And I'm not sure I agree that light rail would definitely have been better than the busways we have. Most of the people who ride the busway either board or leave the bus somewhere other than the busway itself. A connected network could still be very good but it's not obvious that light rail would have been better.

The dense linear nature of the Gold Coast strip makes light rail much more clearly appropriate there, for example.
« Last Edit: January 11, 2017, 09:27:40 AM by OzGamer »

Offline Scott

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Re: Contract for new Alstom LRT Wireless Power option in Nice
« Reply #7 on: January 11, 2017, 08:57:17 PM »
Ozgamer
As your edit suggests the bus recharge time is suitable for typical stops - under 30 seconds.

LRVs typically stop for 25-30 seconds so the recharge time would work fine for them.

I appreciate the busway has worked well, but LRT would have had higher terminal capacity and avoided the problems now leading to the need for either LRT or Metro in central Brisbane.  So the real final cost of the busway will be higher, plus much higher Opex.  The LRT would have required many passengers to interchange (nit all) but that works OK with frequencies of six minutes or less, which is common.  As it is, busway passengers will now have to interchange onto the Metro anyway under the mayor's proposal.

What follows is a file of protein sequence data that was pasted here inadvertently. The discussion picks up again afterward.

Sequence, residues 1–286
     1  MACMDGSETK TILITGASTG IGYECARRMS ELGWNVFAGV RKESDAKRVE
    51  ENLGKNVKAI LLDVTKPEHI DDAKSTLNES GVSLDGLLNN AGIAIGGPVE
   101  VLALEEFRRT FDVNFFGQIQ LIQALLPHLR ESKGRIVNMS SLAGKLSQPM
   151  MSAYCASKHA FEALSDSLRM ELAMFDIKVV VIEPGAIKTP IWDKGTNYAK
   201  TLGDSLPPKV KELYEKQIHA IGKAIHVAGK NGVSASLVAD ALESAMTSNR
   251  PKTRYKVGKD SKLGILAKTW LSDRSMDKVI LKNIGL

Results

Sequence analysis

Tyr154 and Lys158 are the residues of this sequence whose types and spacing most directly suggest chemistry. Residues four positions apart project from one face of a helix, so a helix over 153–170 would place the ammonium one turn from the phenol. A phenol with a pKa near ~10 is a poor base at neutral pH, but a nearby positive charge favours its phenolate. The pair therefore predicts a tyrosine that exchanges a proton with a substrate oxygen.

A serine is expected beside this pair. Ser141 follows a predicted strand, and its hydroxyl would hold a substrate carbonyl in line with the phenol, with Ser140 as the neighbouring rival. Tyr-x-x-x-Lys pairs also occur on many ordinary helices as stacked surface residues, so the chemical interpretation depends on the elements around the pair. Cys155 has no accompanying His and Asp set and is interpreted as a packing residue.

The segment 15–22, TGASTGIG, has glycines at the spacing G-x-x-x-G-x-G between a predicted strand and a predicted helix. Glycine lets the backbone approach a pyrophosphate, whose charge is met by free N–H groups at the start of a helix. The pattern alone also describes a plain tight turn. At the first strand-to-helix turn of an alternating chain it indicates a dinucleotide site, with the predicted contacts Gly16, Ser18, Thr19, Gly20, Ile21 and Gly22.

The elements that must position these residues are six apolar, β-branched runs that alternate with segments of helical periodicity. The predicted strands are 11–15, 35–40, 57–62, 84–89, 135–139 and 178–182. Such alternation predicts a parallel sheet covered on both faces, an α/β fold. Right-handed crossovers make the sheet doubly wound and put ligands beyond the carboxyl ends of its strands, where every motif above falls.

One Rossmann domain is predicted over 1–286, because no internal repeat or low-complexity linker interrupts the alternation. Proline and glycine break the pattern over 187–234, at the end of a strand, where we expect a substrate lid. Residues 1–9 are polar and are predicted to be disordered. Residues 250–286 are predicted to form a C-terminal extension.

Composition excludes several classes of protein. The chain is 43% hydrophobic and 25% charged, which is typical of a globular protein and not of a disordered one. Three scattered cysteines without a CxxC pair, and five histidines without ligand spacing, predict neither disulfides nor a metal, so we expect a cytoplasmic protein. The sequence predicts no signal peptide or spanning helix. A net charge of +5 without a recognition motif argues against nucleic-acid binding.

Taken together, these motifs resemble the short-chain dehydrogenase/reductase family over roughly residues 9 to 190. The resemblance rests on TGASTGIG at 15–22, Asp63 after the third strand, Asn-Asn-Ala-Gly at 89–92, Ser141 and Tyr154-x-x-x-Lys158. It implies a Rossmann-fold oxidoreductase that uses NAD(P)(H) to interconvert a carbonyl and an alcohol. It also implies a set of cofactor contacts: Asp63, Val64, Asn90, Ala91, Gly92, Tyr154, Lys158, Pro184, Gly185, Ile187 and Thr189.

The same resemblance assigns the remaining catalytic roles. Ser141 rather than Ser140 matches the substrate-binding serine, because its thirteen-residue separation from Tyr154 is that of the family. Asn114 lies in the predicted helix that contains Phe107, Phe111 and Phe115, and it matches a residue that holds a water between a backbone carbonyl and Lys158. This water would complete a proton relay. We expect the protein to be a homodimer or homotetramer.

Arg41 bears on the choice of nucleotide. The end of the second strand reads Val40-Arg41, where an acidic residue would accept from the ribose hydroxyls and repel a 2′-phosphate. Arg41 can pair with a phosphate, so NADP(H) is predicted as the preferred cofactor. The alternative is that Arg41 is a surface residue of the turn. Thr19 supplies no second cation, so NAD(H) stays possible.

Offline SurfRail

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Re: Contract for new Alstom LRT Wireless Power option in Nice
« Reply #8 on: January 11, 2017, 09:01:49 PM »
Light rail run competently shouldn't be dwelling for more than 15-20 seconds really.  That kind of time is regularly achieved on the Gold Coast, at quieter stops and times at least.

If the technology interferes with that, then forget about it until it is no longer an issue.  We know wires at least work and don't impede the tram's progress.
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Offline Scott

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Re: Contract for new Alstom LRT Wireless Power option in Nice
« Reply #9 on: January 11, 2017, 09:26:57 PM »
Surfrail

I should have been clearer on the LRV recharge times.  They vary depending on temperature, size of capacitors and gradient, so could be down as low as 20 seconds.

But sure, if G:Link only takes 15-20 seconds at low volume stops then wireless could slow it down.

And I agree that, if you really want high capacity and reliability, overhead line is still the number one way to go.  These new wireless systems offer cheaper solutions than APS, if you need wireless on a section for some aesthetic or clearance reason.  They could be handy in depots too.  It will be interesting to see how the technology advances.